In view of its many advantageous properties, this study investigated the possibility that MTAD could be useful as a root surface conditioner during periodontal therapy. In particular, the ability of MTAD to remove successfully smear layer from the root surface of periodontally affected teeth and whether this produced an environment conducive to periodontal cell attachment and growth. The purpose of this study is to evaluate the ability of cultured fibroblasts to attach to periodontally diseased root surface conditioned with MTAD after root surface debridement. The results revealed that the use of MTAD following RSD created an environment suitable for cell attachment and did not lead to undesirable conditions for cell growth. However, MTAD did not promote cell attachment and growth. This is in accordance with previous work that demonstrated the relative non-cytotoxic nature of MTAD. [34]

Some of the individual components of MTAD have been used previously as periodontal conditioners. Chandra et al., compared the effects of root surface conditioning with citric acid, EDTA and tetracycline hydrochloride. [5] Positive effects were seen with the use of citric acid and EDTA, although not with tetracycline hydrochloride. Babay et al., also found increased attachment with conditioning of surfaces with tetracycline hydrochloride and EDTA. [8] These results are not in accordance with the present study, in which no additional cell attachment was seen with MTAD surface conditioning.

Delazari et al., carried out an SEM study investigating the formation of fibrin root surface networks in vivo as an indicator of the periodontal reattachment. [35] They compared qualitatively conditioned root surfaces after RSD with those on which only RSD had been carried out. No difference was seen between the groups, indicating RSD to be sufficient. In addition, Al-Nazhan et al., in a SEM study, examined cultured fibroblast attachment to root surfaces in which no surface conditioning had been carried out and the smear layer was present. [16] These conditions were concluded to be desirable for cultured fibroblast attachment and are in alignment with the present study.

Biopure MTAD has been recommended for use in endodontic treatment as a final irrigant after the use of sodium hypochlorite. [27],[36] In the present study, sodium hypochlorite was not considered for use in periodontal conditioning prior to MTAD because of its likely caustic effects. This is in alignment with the results of Ring et al., who investigated the effect of various endodontic irrigants, including MTAD in combination with sodium hypochlorite, on cell growth and attachment to intra-canal dentin. The lowest average number of cells was found to be present on the samples irrigated with sodium hypochlorite and MTAD. [36] They also concluded that the presence or absence of the smear layer did not have a significant effect on cell attachment. The results of the present study are in accordance with their finding.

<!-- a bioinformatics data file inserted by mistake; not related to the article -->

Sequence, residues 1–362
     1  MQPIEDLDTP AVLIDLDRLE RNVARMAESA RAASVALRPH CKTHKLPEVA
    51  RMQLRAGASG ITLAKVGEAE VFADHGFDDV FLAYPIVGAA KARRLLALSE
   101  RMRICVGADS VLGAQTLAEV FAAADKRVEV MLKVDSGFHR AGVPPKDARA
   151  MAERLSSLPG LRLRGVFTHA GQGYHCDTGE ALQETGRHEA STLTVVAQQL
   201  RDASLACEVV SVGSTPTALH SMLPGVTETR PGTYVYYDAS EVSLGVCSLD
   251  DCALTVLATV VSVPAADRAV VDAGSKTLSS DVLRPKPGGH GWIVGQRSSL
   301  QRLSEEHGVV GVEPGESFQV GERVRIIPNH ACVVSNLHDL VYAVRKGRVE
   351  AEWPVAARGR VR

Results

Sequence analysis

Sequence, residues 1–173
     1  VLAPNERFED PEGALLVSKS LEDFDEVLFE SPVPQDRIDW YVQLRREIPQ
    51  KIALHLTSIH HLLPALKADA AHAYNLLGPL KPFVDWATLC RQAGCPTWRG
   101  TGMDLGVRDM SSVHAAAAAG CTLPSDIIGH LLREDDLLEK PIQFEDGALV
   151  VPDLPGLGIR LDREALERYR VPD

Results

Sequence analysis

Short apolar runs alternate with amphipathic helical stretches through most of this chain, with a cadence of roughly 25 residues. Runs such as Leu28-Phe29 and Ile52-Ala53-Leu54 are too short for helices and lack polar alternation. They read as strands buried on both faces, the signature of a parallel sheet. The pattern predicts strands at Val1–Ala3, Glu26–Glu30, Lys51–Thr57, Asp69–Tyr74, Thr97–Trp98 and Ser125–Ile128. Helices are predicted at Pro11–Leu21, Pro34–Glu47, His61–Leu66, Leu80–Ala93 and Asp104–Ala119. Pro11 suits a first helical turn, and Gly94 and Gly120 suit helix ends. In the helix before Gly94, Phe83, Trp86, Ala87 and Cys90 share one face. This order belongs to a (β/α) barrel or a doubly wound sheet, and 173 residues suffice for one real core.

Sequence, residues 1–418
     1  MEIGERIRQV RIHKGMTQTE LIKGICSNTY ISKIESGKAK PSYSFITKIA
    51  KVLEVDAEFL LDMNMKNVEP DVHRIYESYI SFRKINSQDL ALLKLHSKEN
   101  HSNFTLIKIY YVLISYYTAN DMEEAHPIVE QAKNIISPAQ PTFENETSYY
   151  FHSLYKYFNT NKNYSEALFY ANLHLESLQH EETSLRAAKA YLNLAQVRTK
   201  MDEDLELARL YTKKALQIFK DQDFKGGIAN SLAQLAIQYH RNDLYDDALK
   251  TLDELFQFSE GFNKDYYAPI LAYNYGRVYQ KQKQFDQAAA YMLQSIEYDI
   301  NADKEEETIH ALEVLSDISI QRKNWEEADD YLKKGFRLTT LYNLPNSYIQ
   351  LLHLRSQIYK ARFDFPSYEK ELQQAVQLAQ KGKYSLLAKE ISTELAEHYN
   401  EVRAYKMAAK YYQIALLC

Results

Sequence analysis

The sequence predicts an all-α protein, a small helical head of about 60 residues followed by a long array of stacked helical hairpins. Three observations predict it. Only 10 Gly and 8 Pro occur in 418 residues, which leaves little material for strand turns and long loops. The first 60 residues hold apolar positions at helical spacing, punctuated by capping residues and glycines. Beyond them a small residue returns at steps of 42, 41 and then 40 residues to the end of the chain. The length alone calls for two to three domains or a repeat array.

The method used in the present study of evaluating the effect of root surface treatment on the attachment of cultured fibroblasts to root specimens has been used previously [5],[14],[16],[18],[37] and is recognised as an appropriate methodology. [38],[39] In an ex vivo study, [14] the effect of pre-conditioned root surfaces and application of fibroblast growth factor on attached fibroblast morphology and their proliferation was investigated. A qualitative index (developed by Jenkins et al.) was used to describe the attached, fixed viable cell populations. [40] Based on the attached cell density and morphology, the qualitative index graded the samples from 0-3. Other studies [5],[18] used qualitative descriptive passages only to describe their findings. These descriptive methods could be considered to be less accurate than the quantitative system of counting attached fixed viable cells that was used in the present study. In addition, to reduce operator bias, a system of a 5-point template overlying the SEM image was used in the present study to provide random selection of points for magnification and cell counting. In contrast, the design of some previous studies [5],[14],[18] did not include a system to aid their selection of areas for magnification and examination. Silverio et al., described the process of selection of examination area as 'random'. Therefore, the issue of operator bias seems not to have been addressed. [14]

The use of MTAD as a periodontal conditioner created a surface environment suitable for cell attachment and growth, as demonstrated by the presence of attached, fixed viable cells on the specimens treated with MTAD following RSD in this study. The study by Zhang et al., found MTAD to be relatively non-cytotoxic, findings in alignment with the data from the current study. [34] The results of the present study revealed no significant difference in cell numbers between MTAD and saline conditioning following RSD. This would suggest that the presence of the root surface smear layer formed by instrumentation causes no barrier to cell attachment. A similar conclusion was drawn on examination of cell attachment to intra-canal dentin. [36] Therefore, it may not be necessary to treat the root surface after RSD to gain satisfactory results in cell reattachment.


   Conclusion Top


Root surface debridement (RSD) created an environment suitable for cell growth and attachment. Although the use of MTAD following RSD did not lead to undesirable conditions, no significance difference in cell attachment was seen between MTAD conditioning of periodontally affected root surfaces following RSD, compared to saline conditioning. Overall, with the limitation of this laboratory study, use of MTAD did not promote cell attachment and growth.